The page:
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Parsley (Petroselinum crispum)
Parsley reportedly has strong diuretic properties that may benefit people who have kidney and bladder problems—including stones and gravel. It also is used for coughing, asthma, indigestion, menstrual cramps, gallstones and liver conditions. In addition, some herbalists believe that parsley can help to strengthen the circulatory system.
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Passion Flower (Passiflora incarnata)
This beautiful plant is also a much-appreciated healing secret. For many herbalists, it's the preferred choice for anxiety, insomnia, and muscular tension or headaches associated with stress. When nerves are on edge, passion flower is a welcome remedy for many people.
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Pennyroyal (Hedeoma pulegioides)
Early native Americans knew all about the value of pennyroyal. They used it for pain, including the discomfort of menstrual cramps. Nowadays, pennyroyal is used most often to relieve the symptoms of the common cold and other respiratory ailments. Pennyroyal, it is said, helps coughing, reduces body temperature during a high fever and relieves premenstrual syndrome. Some people also claim that it promotes perspiration, making it useful in cleansing toxins from the system.
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Peppermint (Mentha piperita)
Peppermint is a popular herbal tea, but it also is available in leaf and capsule forms. No matter how it's used, peppermint has been said to relieve tension headaches, anxiety, insomnia, indigestion, heartburn, nausea and flatulence. Some herbalists claim it has antispasmodic qualities that make it useful for muscle and stomach cramps. In addition, peppermint is believed to help normalize and balance the entire system, helping the body maintain its self-healing abilities. Peppermint should not be used for prolonged periods without medical supervision.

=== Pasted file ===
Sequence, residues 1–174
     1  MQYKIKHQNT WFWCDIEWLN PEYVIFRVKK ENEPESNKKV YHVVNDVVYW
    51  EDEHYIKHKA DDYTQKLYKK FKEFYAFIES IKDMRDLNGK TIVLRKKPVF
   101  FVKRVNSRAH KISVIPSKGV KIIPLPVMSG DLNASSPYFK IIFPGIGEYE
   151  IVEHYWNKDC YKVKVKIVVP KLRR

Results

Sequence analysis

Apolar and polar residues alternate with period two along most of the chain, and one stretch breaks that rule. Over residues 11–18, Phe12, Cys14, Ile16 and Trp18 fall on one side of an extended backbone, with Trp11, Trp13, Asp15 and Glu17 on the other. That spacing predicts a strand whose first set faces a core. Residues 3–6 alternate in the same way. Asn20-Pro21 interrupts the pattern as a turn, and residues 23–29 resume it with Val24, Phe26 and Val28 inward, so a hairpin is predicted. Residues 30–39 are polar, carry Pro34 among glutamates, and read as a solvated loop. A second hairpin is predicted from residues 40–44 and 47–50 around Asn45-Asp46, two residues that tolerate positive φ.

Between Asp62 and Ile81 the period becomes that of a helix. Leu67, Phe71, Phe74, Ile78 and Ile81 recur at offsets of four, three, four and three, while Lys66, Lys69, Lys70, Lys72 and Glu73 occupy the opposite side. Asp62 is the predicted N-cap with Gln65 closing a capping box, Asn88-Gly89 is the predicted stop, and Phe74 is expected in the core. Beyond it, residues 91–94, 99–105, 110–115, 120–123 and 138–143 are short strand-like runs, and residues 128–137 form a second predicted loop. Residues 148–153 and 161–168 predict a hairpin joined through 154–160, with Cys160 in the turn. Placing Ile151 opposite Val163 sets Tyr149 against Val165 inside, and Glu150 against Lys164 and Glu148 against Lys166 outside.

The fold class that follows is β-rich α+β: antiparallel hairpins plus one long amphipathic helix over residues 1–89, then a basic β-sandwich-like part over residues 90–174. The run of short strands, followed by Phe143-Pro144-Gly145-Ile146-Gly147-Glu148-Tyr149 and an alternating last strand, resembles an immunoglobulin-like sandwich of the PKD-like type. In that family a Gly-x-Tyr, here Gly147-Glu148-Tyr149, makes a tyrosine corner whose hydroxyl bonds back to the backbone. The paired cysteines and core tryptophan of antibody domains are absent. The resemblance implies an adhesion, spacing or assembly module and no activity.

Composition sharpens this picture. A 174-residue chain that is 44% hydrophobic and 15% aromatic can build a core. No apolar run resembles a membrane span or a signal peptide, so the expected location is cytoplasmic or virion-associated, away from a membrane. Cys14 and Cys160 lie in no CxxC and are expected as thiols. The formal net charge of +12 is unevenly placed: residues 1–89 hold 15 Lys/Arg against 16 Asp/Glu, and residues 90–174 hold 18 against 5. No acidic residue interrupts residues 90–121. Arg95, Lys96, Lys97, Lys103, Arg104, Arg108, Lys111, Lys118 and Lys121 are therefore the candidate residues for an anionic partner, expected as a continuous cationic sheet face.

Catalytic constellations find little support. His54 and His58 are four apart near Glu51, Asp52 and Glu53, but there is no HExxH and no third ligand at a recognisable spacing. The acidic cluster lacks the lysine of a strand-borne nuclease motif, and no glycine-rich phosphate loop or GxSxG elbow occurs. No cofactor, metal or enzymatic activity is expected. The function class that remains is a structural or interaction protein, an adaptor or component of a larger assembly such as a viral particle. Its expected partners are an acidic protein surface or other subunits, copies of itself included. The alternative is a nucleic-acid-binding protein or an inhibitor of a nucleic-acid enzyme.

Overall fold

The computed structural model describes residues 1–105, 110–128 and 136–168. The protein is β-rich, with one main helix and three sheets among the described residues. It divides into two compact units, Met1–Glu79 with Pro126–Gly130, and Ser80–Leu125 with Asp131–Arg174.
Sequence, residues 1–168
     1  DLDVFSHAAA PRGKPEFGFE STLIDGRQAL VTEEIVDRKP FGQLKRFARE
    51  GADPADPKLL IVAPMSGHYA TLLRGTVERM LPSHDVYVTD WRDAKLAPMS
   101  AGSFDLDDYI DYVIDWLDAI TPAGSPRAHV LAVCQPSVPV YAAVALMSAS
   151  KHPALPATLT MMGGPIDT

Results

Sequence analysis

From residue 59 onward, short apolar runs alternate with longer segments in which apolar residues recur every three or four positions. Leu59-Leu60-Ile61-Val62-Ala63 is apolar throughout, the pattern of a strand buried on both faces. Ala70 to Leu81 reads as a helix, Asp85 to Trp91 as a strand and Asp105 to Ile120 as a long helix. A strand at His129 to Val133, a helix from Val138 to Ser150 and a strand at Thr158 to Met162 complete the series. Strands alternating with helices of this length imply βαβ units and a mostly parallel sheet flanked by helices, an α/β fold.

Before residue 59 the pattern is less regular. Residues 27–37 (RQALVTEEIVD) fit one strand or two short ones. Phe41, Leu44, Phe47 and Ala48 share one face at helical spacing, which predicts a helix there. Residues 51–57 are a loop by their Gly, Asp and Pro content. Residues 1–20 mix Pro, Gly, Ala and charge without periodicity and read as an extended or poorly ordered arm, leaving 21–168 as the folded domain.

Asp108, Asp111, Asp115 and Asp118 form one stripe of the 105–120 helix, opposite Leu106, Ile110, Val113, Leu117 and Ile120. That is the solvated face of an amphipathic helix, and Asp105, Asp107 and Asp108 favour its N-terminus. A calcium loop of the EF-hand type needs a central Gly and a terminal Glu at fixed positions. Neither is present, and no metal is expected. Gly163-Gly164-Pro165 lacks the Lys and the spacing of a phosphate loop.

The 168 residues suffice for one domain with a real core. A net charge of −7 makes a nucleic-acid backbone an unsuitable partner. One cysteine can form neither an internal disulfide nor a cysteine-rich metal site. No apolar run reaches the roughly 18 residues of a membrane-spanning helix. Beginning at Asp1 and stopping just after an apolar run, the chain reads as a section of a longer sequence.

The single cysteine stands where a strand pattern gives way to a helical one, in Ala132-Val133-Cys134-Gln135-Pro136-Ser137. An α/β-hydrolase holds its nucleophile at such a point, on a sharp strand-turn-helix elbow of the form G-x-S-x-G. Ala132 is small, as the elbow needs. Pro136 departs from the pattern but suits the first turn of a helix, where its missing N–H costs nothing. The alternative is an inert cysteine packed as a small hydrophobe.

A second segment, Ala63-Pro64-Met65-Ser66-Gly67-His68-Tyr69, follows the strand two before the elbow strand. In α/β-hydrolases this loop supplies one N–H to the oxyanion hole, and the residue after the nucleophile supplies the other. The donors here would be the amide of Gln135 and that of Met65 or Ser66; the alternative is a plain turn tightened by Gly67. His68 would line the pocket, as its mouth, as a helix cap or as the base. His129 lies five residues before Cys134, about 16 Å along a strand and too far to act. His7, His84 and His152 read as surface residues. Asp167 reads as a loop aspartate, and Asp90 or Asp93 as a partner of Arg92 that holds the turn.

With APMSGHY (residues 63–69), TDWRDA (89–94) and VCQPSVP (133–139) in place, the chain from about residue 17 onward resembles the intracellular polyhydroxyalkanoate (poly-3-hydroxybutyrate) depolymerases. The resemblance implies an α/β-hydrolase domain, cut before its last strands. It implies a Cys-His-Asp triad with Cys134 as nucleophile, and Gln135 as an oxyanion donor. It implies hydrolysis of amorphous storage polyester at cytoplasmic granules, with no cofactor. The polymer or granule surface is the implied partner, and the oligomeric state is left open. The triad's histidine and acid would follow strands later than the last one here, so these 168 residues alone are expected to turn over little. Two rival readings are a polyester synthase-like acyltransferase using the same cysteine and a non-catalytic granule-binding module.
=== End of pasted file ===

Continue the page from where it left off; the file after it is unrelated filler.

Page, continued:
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Plantain (Plantago major)
Common plantain has been recommended for many purposes, but its most common uses are in cases of diarrhea, hemorrhoids and intestinal colic. It grows throughout Europe and North America, except in extremely cold climates.
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Psyllium (Plantago psyllium)
It's no wonder that this herb has found favor as a remedy for constipation, hemorrhoids and other digestive troubles. Psyllium seeds are an incredibly rich source of bran, which we now know to be very beneficial to the gastrointestinal system. In addition, it is believed that psyllium can help to reduce the risk of heart disease by increasing the blood levels of "good cholesterol."
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Quince (Cydonia cydonia)
The fruit of the quince tree holds healing secrets! It is believed to help strengthen the gastrointestinal tract and to help patients recover from surgery and illness.